While the 54th Head of The Charles Regatta boasted a strong international entry it proved to be a banner year for the home-nation on the Charles River in Boston this weekend.
Opening day sun shined on a large turnout on Saturday as forecast wind and rain failed to materialise and local favourite Newton-native Gevvie Stone provided a crowd-pleasing sculling demonstration to win her ninth championship women’s single title.
Stone surpassed the record for most wins here with her eighth in 2017, won while training part time around a medical residency last year. But with Tokyo 2020 firmly in her sights Stone has returned to full time training for 2018 and it showed on Saturday as she eased passed three of the men’s lightweight singles who had started in the division ahead.
“The cheers had me smiling much of the way down the course,” said Stone after racing on Saturday. “I loved chasing down the light men.”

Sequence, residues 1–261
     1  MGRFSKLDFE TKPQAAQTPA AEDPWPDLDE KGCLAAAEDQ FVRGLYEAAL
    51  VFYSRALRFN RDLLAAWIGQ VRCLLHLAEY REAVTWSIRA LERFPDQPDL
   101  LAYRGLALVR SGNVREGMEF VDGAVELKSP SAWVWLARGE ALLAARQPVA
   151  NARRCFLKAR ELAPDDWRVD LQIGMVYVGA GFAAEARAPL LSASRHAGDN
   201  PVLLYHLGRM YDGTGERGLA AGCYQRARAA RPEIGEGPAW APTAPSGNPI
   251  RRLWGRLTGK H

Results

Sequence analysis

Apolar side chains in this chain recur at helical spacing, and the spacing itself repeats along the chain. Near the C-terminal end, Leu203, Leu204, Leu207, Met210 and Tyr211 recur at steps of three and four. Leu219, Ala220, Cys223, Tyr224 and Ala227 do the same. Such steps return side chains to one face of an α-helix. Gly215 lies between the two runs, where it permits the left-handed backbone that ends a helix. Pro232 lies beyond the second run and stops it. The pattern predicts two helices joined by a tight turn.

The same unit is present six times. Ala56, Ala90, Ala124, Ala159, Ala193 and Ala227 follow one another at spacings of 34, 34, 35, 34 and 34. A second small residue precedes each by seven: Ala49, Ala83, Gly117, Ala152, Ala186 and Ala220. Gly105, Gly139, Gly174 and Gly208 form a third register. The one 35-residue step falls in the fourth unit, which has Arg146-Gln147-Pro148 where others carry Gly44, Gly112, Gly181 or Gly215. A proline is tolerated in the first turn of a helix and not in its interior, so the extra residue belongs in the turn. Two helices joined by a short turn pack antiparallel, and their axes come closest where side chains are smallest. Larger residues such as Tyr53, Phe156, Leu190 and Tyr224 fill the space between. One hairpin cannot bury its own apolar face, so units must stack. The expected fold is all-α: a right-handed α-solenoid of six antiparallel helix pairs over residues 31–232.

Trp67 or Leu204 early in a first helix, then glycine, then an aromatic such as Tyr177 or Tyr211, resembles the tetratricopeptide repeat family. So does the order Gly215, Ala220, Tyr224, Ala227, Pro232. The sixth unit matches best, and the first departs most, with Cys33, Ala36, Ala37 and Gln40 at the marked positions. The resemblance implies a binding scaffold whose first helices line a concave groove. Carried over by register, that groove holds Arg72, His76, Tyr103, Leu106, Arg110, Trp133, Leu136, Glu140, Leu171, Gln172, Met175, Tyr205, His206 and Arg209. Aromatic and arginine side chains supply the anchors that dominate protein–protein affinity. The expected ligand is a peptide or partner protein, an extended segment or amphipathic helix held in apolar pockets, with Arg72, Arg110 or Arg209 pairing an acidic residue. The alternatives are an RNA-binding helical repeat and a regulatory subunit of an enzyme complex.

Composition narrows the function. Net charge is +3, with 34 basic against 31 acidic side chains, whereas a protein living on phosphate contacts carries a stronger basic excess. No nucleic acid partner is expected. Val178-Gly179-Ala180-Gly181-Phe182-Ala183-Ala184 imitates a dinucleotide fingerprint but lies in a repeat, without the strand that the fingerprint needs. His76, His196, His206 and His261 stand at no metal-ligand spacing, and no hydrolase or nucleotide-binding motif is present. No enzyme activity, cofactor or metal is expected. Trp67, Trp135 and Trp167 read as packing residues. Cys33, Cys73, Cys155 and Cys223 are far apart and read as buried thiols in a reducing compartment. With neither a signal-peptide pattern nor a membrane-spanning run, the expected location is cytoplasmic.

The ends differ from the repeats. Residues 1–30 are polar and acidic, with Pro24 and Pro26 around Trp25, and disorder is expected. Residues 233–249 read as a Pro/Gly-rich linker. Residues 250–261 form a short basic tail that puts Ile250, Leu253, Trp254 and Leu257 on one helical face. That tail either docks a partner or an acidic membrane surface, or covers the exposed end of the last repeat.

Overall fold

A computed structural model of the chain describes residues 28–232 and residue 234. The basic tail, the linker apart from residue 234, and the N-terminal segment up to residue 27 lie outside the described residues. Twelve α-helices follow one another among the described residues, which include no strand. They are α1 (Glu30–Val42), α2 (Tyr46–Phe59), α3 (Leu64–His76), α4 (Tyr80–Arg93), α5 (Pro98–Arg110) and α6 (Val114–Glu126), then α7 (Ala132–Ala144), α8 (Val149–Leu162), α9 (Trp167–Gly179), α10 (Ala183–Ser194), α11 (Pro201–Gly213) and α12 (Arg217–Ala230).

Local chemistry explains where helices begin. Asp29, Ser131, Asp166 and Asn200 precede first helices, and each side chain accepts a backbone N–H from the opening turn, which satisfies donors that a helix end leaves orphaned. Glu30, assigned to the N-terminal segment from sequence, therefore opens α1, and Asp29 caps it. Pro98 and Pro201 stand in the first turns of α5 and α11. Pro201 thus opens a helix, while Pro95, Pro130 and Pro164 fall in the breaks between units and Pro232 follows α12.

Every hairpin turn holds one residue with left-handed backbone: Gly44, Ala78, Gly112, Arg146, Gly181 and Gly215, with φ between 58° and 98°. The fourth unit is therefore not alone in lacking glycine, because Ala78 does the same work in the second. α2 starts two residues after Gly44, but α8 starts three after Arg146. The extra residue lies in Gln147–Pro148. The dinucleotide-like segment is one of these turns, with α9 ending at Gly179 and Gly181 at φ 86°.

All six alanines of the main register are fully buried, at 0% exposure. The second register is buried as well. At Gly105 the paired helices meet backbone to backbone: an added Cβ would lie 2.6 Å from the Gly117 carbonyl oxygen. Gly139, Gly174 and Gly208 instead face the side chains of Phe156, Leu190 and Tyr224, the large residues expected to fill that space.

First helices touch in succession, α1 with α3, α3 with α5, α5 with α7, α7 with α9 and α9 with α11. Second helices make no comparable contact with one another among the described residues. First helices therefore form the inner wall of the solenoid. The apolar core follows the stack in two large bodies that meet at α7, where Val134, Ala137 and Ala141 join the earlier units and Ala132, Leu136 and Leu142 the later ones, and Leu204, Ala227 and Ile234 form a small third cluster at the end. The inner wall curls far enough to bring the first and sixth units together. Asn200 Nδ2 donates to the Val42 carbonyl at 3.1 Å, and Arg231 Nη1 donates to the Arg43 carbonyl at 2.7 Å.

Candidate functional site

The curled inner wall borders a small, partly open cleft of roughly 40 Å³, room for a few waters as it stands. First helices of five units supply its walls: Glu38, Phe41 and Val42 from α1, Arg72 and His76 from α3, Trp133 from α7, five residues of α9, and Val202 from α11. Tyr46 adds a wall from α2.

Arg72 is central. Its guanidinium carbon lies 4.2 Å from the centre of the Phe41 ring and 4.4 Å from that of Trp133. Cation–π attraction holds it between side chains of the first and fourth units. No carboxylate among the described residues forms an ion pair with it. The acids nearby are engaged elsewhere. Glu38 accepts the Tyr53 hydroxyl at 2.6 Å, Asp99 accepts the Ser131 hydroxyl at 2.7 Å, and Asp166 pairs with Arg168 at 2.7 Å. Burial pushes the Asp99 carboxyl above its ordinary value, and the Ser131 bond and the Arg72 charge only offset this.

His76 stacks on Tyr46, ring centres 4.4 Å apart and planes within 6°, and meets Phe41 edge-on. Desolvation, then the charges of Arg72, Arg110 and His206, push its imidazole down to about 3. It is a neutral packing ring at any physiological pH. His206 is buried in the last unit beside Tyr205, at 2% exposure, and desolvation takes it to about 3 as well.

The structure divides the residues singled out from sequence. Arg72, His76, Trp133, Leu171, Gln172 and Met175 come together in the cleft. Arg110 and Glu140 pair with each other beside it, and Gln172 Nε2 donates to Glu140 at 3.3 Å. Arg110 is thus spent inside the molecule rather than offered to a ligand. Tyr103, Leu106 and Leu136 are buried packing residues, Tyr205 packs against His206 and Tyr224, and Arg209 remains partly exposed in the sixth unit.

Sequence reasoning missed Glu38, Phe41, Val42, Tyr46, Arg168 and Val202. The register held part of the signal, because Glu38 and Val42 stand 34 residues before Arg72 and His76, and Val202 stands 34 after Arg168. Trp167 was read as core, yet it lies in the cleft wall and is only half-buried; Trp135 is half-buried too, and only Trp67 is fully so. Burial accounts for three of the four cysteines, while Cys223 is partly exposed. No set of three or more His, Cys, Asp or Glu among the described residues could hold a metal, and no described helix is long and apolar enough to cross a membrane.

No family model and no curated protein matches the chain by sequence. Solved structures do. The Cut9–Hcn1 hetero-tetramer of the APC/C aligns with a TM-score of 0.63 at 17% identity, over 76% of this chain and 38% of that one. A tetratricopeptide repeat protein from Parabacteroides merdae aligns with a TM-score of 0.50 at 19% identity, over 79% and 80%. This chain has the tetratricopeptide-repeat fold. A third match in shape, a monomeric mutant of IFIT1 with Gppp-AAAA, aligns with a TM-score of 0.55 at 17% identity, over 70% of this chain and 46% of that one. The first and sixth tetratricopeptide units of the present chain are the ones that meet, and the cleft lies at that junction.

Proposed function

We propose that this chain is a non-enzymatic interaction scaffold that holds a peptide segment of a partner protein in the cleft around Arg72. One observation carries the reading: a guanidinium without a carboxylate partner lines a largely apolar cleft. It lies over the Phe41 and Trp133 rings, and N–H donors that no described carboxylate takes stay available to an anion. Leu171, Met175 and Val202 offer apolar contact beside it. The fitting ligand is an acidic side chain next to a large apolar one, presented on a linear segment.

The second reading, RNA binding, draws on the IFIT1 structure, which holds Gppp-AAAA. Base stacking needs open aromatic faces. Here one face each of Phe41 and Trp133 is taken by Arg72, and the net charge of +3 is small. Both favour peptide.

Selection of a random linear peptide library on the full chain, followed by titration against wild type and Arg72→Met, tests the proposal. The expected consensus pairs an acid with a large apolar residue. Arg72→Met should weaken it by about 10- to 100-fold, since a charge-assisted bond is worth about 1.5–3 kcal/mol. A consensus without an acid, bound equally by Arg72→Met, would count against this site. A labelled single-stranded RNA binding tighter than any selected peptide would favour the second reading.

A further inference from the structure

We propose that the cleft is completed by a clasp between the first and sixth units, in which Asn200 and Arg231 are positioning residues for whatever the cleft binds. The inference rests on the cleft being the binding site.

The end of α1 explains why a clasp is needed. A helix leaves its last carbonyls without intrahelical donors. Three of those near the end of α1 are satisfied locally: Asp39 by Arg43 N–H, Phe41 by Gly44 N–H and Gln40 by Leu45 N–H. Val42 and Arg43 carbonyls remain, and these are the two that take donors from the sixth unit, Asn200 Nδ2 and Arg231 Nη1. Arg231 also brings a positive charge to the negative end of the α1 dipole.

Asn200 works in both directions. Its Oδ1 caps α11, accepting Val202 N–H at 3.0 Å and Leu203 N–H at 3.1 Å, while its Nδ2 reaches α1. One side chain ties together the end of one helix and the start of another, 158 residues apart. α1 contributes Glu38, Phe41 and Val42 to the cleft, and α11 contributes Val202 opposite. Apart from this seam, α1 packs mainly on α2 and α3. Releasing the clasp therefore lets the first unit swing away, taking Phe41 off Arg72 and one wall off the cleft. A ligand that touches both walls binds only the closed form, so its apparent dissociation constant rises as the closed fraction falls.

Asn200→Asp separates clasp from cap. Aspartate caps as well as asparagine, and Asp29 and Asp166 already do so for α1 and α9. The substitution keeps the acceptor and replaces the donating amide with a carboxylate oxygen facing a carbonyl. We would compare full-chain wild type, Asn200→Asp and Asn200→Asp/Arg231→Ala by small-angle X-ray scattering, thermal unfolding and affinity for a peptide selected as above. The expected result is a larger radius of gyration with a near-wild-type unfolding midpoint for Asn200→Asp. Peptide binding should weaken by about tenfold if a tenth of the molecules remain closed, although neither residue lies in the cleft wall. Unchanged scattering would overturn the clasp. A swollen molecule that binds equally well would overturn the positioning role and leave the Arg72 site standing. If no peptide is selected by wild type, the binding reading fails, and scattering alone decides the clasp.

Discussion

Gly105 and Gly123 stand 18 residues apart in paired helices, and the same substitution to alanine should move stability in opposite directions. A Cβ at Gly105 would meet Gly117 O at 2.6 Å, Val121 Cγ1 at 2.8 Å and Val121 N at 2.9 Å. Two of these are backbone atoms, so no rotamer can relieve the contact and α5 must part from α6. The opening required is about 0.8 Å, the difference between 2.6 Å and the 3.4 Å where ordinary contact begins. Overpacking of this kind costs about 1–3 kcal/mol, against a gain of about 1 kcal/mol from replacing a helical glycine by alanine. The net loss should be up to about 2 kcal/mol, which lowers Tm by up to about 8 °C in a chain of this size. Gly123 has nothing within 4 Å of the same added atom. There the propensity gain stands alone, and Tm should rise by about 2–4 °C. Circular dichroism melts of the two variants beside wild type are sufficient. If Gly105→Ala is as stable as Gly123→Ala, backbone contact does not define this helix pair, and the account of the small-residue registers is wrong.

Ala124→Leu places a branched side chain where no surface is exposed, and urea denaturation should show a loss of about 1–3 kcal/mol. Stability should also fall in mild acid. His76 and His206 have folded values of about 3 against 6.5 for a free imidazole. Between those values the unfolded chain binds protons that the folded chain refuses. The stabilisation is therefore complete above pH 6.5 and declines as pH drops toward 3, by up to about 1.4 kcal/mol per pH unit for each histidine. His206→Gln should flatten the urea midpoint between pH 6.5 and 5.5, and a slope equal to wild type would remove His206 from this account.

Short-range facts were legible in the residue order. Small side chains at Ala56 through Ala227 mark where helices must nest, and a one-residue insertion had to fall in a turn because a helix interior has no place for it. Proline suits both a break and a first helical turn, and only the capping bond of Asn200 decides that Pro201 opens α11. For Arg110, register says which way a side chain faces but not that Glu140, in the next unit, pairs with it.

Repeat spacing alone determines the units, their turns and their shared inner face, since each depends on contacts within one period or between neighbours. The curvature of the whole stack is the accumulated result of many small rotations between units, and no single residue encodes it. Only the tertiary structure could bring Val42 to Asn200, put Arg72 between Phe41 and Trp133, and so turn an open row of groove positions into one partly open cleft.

It was an entirely different story in the men’s champ single as outsider and University of Washington senior Ben Davison took a surprise win ahead of internationals Mahe Drysdale, Robbie Manson and Oliver Zeidler.
After a frustrating summer for Davison, where he finished out of the medals at the U23 worlds in the single, the Florida native had been given the choice by his coach Mike Callahan to race with the UW team in the eight on Sunday or pursue the single. Choosing to go in the single Davison’s gamble paid off as he was able to finish first overall from a starting position of 26th.
Colder and windier conditions on Sunday saw the best of the big boats charging down the course in challenging water conditions, with the US national team coming out on top.
US women’s coach Tom Terhaar fielded two lineups that bore no resemblance to the world championship winning eight in Plovdiv last month but managed to secure the overall win – 16 seconds ahead of second placed Stanford University – with the second US eight finishing narrowly behind in third.
US men’s coach Mike Teti opted to keep things simple, keeping his crew unchanged from Plovdiv where they finished fourth in the world championship final.
Of the 32 crews, including Dutch and German entries, the US men finished first in the championship eights albeit only three seconds ahead of the Yale varsity. Brown University rounded out the top three, finishing a further 15 seconds behind Yale.